Pro football's annual draft of top college players is taking on extra significance this year with virtually all the world's sports shut down by the coronavirus pandemic. The Cincinnati Bengals will be on the clock at about 8 p.m. ET.
Trump’s coronavirus drug push came after he talked with billionaire supporter, source says
WASHINGTON — A top Health and Human Services official who said he was transferred from his post for pushing back on “efforts to fund potentially dangerous drugs promoted by those with political connections” felt pressured to rush access to chloroquine treatments for coronavirus after President Donald Trump had a conversation about it with a mega-rich donor, a source close to the doctor told NBC News.
Dr. Rick Bright said he was instructed to implement a national program aimed at expanding access to the drug without proper controls in place and despite the lack of peer-reviewed clinical data on the drug's effectiveness following a conversation Trump had with Oracle Chairman Larry Ellison, the source said.
Bright was deputy assistant secretary of Health and Human Services for preparedness and response and director of the Biomedical Advanced Research and Development Authority, or BARDA, until earlier this week when he said he was "involuntarily transferred to a more limited and less impactful position at the National Institutes of Health" for having pushed back against pressure for widespread use of the drug.
Vote-by-mail advocates worry time is running out to prepare
Some of the most ardent supporters of voting by mail have a warning: Time is running out to prepare for the November election.
Officials who want to offer far more voters the option of mailing in their ballots are running out of time to make that option a reality, experts warned Wednesday during a livestreamed hearing hosted by the Election Assistance Commission, the federal agency tasked with giving states guidance on how to effectively conduct their elections.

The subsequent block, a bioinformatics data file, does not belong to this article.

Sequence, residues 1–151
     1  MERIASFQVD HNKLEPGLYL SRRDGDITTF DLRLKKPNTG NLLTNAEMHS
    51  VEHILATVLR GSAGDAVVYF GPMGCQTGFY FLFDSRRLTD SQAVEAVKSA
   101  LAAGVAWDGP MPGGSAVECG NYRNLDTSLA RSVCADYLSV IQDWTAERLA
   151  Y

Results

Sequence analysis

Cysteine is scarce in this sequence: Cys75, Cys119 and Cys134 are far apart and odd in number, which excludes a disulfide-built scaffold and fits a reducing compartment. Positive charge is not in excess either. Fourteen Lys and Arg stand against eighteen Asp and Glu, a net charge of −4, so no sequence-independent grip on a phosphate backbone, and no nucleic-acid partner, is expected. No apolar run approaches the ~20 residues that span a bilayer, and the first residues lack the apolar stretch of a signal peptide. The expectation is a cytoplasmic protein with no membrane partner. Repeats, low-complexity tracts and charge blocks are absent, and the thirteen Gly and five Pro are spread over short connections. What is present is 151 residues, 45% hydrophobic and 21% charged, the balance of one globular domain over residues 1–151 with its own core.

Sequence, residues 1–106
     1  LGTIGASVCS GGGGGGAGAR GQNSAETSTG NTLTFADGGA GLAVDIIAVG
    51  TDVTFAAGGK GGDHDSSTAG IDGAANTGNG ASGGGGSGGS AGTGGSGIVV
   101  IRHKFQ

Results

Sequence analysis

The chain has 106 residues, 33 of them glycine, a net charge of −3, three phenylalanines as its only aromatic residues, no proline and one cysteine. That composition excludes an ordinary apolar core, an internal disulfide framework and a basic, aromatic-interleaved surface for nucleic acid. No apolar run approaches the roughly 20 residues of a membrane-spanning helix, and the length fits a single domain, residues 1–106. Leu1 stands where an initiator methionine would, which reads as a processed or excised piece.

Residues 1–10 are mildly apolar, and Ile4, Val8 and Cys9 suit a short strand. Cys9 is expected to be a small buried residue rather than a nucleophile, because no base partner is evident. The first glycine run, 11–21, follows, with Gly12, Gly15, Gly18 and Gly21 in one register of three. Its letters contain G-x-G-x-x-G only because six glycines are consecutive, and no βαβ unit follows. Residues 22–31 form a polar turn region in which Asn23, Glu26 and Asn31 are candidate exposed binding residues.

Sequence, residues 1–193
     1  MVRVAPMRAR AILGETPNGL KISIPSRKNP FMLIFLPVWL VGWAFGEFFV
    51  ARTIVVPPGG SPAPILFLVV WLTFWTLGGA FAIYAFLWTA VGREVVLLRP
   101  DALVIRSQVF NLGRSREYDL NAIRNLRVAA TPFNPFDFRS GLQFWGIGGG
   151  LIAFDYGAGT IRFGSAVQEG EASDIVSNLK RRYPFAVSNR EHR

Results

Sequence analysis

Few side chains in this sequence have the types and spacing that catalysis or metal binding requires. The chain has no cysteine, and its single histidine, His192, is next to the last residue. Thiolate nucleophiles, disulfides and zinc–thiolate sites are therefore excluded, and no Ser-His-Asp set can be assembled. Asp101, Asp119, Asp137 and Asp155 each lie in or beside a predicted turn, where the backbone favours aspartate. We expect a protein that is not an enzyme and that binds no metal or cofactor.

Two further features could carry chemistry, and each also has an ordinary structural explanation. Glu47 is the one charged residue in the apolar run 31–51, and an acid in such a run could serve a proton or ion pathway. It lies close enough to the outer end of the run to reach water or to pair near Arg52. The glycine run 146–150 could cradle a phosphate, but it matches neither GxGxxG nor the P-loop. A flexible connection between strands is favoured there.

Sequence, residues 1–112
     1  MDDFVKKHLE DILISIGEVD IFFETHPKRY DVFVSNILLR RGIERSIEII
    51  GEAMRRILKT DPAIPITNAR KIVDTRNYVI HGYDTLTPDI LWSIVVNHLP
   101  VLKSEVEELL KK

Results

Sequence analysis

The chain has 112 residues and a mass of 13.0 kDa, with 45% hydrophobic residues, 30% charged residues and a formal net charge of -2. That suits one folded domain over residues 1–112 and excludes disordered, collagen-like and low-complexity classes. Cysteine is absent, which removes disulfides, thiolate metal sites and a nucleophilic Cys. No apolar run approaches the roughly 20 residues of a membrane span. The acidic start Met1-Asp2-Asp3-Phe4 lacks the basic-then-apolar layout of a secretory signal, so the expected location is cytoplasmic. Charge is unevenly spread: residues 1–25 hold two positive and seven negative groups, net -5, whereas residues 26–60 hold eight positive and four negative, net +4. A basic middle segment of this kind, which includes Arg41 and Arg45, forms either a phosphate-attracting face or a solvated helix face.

Scanning machines, ballots and even envelopes can become roadblocks if states do act soon enough.
NFL coaches, GMs prepare for tonight's draft — from their homes
New York Times to stop printing Sunday travel section
The New York Times is replacing its Sunday travel and sport print sections with new coverage of life during the pandemic, called “At Home,” according to a company memo.
Travel will temporarily cease production, while sports news will shift into the first section of the newspaper.
Travel editor Amy Virshup will oversee "At Home," which will cover what to watch, listen to, read, cook, make and play, according to the memo. It will also include virtual travel guides and beauty tips and “what’s happening in the night skies.”
The memo says that the travel section will return when the pandemic eases.
Tom Hanks sends letter, typewriter to Australian boy bullied over his name: Corona
Tom Hanks has sent a letter and a Corona-brand typewriter to an Australian boy who wrote to him about being bullied over his name, Corona, Australian television networks reported on Thursday.
Corona De Vries, an 8-year-old from the Gold Coast in Queensland state wrote to the Hollywood star after he and his wife, Rita, had spent more than two weeks in quarantine after testing positive for COVID-19 in the Australian beach resort.
Empty highways lure California drivers to speed, with citations up 87 percent
Too many car-loving Californians, with wide open highways beckoning and possible boredom at home, are taking to roads at dangerous, triple-digit speeds, authorities said Wednesday.
The California Highway Patrol has issued 87 percent more citations for driving at least 100 mph since the state's coronavirus shutdown began, officials said.
“Fewer cars on the road doesn’t give drivers the green light to travel over the speed limit,” the state's Office of Traffic Safety Director Barbara Rooney said in a statement.